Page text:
Thursday, December 10, 2009

Wild Hogs of Ferral Hogs and their impact on Wildlife


(This Photo Taken at Cades Cove in GSMNP)
“An ungrateful man is like a hog under a tree eating acorns, but never looking up to see where they come from” - Timothy Dexter

The first true Pigs were brought to the United States by Hernando de Sota to the Atlantic Coast of Florida in 1539.  The First "Pure Russian" wild boars were brought into the US by Austin Corbin. They were released into a 20,000 acre enclosure in Sullivan County New Hampshire in 1890. Wile Hogs or Feral Pigs are now estimated to have a population in the Unites States of about 4,000,000 with 2,000,000 living in Texas.  They are found in 39 States and 4 Canadian Providences.  A sow reaches breeding age at about 7 or 8 months and can be responsible for about 1000 piglets in a five year period.  (Assuming 1/4 the piglets are breeding sows).  

Wild of Feral Hogs compete with deer, turkey, and other wildlife for food and habitat.   They have also been known to spread diseases and parasites to wildlife and farm animals.  They have also fouled water sources for wildlife and humans and cause their rooting causes excess erosion.  Studies are currently underway to quantify the damage to crops and wildlife in several states in the southeast.   National Parks such as the Great Smoky Mountain National Park have hired wildlife technicians to trap and shoot wild hogs.  While hiking the Appalachian Trail this past year I saw half a dozen traps, primarily in the southern half of the trail.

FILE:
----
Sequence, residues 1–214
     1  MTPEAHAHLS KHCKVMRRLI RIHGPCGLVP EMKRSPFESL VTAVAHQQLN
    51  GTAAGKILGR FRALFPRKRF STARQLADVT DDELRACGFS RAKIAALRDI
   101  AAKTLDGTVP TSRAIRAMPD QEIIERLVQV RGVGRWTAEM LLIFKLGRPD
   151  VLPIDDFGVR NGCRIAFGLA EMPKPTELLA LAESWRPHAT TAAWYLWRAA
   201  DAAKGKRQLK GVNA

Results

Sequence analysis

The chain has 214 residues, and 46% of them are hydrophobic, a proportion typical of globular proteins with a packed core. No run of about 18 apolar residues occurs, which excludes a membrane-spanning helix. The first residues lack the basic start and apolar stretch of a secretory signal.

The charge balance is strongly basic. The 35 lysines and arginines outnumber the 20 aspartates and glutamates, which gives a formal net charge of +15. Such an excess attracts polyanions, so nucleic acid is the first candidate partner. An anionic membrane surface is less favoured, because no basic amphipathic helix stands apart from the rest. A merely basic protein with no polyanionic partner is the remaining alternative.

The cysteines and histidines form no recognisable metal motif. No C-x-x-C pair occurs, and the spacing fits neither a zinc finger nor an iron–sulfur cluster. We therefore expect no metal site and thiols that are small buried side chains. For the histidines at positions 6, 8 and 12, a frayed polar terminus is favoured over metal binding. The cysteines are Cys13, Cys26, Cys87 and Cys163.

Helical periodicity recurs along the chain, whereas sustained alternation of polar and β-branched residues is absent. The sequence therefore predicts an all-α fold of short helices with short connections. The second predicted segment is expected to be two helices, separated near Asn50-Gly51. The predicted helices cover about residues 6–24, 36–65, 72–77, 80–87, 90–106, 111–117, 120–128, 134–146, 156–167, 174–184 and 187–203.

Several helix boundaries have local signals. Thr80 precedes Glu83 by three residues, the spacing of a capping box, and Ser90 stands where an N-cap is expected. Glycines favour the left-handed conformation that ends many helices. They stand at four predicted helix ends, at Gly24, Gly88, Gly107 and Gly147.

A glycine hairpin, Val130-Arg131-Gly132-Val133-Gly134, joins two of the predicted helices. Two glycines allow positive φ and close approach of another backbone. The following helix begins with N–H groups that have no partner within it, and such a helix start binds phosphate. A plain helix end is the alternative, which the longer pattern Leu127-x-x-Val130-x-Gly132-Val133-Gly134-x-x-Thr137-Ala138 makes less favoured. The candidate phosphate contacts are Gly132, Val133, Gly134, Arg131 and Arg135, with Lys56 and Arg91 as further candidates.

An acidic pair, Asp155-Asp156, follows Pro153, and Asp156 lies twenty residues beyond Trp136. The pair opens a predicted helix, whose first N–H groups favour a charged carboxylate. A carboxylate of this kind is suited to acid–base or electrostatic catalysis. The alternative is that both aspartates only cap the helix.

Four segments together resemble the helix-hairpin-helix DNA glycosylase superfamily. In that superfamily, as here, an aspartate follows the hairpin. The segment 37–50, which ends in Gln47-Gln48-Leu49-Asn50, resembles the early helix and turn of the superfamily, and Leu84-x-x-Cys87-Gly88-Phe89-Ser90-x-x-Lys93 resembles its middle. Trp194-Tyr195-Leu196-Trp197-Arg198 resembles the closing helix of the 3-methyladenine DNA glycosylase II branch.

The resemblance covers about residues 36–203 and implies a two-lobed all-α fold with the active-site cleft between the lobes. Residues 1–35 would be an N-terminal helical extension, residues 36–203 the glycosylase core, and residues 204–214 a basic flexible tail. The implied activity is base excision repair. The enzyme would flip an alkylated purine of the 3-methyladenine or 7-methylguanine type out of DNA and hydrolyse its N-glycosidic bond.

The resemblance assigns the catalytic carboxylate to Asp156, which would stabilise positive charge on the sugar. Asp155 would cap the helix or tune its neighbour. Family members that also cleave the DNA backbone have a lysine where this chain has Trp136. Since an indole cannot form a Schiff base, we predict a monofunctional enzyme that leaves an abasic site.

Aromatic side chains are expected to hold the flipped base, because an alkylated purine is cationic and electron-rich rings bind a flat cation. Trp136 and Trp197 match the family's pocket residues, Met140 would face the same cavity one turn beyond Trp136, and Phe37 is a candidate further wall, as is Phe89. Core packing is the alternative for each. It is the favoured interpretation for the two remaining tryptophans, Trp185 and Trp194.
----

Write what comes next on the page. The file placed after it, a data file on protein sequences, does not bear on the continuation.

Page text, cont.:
A great blog with information on Wild Hogs can be found here.

Humor for the day - Ol' Fred had been a religious man who was in the hospital, near death. The family called their preacher to stand with them. As the preacher stood next to the bed, Ol' Fred's condition appeared to deteriorate and he motioned frantically for something to write on.
The pastor lovingly handed him a pen and a piece of paper, and Ol' Fred used his last bit of energy to scribble a note, then he died. The preacher thought it best not to look at the note at that time, so he placed it in his jacket pocket.
At the funeral, as he was finishing the message, he realised that he was wearing the same jacket that he was wearing when Ol' Fred died.
He said, "You know, Ol' Fred handed me a note just before he died. I haven't looked at it, but knowing Fred, I'm sure there's a word of inspiration there for us all."
He opened the note, and read out loud, "Hey, you're standing on my oxygen tube?"

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